Still your favorite?
They’re kinda my thing. It’s crazy, but might be true.
*The barkeep promises two red rye IPAs and risotto balls forthwith*
When you’re writing your best stuff, what’s your approach? How do you know when you’re on to something good?
I don’t know what the approach is, but I know there are those rare moments where what you put on the page reflects exactly what you wanted to say in your head – which normally doesn't happen. Usually, I have this idea in my head and I don’t know how to say it. Sometimes, it just comes out, and it’s compact, and it’s the thing I was trying to do. It’s a very rare feeling. It’s something that just emerges as you’re circling and sweating and really trying to wade through something thick in your mind. It’s not a “flash of insight” thing.
What’s an example of that rare moment for you?
Omigod, they're so rare. I feel like "I'll Be Here" was one. And, often I don't know right away. But if I'm super excited about an idea, and keep thinking and thinking and critiquing it in my head and it still holds up, then it might mean it’s something good. With “I’ll Be Here,” I unearthed the idea and kept tossing it around my brain, trying to tear it apart and bash it into something that wasn’t as exciting – and I couldn’t! It kept being this thing I was excited about.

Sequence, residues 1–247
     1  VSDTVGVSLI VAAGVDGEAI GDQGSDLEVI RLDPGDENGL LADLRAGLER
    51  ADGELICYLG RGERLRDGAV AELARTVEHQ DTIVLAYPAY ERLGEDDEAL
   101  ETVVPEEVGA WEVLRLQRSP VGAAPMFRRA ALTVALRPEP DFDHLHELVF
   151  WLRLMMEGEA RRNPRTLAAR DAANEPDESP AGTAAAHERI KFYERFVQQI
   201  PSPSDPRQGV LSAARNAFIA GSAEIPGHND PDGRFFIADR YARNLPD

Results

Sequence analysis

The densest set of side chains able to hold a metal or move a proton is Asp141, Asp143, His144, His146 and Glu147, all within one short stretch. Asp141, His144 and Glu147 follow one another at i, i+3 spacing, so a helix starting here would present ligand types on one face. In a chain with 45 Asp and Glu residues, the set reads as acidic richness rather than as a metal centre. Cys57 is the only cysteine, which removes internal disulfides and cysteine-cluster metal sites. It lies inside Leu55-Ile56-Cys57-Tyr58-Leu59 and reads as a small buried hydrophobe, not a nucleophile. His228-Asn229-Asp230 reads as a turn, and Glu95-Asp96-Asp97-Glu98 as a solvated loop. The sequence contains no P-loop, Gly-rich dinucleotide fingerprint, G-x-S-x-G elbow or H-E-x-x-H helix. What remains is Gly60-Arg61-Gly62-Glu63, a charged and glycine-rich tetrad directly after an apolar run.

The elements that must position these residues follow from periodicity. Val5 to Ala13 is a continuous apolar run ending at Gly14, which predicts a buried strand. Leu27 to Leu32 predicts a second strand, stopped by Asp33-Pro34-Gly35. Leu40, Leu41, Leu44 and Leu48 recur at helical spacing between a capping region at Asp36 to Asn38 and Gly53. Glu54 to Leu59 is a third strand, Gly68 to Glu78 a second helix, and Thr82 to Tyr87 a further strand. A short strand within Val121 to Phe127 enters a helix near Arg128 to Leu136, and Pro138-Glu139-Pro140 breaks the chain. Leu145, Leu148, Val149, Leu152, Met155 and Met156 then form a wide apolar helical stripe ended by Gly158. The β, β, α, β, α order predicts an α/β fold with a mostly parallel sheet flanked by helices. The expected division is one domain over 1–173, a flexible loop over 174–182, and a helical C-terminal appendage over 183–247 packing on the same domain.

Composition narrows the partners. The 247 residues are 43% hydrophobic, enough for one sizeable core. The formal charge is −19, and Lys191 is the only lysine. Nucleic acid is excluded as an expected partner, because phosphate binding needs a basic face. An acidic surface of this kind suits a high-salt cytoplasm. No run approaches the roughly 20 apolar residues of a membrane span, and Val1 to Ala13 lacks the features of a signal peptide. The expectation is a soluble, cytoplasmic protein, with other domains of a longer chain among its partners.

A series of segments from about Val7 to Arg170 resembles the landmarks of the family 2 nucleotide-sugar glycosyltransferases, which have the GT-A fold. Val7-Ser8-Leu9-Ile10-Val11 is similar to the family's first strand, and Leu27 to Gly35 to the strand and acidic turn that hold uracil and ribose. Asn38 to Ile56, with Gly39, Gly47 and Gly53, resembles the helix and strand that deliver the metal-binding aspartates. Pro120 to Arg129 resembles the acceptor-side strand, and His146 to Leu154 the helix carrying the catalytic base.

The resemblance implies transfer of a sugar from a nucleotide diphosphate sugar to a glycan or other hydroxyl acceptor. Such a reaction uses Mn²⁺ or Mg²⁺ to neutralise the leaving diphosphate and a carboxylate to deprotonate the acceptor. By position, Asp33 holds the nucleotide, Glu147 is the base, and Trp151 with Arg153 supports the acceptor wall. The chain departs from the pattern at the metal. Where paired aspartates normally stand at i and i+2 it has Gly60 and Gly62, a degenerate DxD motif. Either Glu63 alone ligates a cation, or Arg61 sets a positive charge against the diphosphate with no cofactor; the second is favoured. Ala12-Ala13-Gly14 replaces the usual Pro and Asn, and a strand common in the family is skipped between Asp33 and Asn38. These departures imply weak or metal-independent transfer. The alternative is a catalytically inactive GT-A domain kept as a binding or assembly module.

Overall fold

(Lisa Brescia sings "I'll Be Here")
Sometimes it does take a while for an idea to convince me it’s good. I wish I could vomit [songs] out like some writers, because I do do a lot of vomiting in my head – and I feel like a crazy person because I’ve had this huge internal battle and nothing to show for it, not even a crappy song! But I do tend to let things marinate until I feel like they are ready to try and come into being.
Some people may say they know a “Gwon song” when they hear it. For me, when we were writing together, it was always unique intervals that I always felt were distinctly yours. But forget what other people think. More importantly, do you think you’ve defined your voice? What do you think is an “Adam Gwon song?”
That is a good question that I've tried not to think about a lot. I'm sure there are these “trademarky” things that make a Gwon song. But I think if I ever sat down and found what that was, I'd feel trapped by it. And, I think part of my creative M.O. is that, with every project, I want to take myself in a totally new direction. It’s not an accident that the thing I wrote after Ethan Frome was a contemporary musical. So, I don’t want to be tied down by what people expect of my work. But, I will say, I’ve had the experience of being in situations where I feel like I'm trying to write something that's outside of my…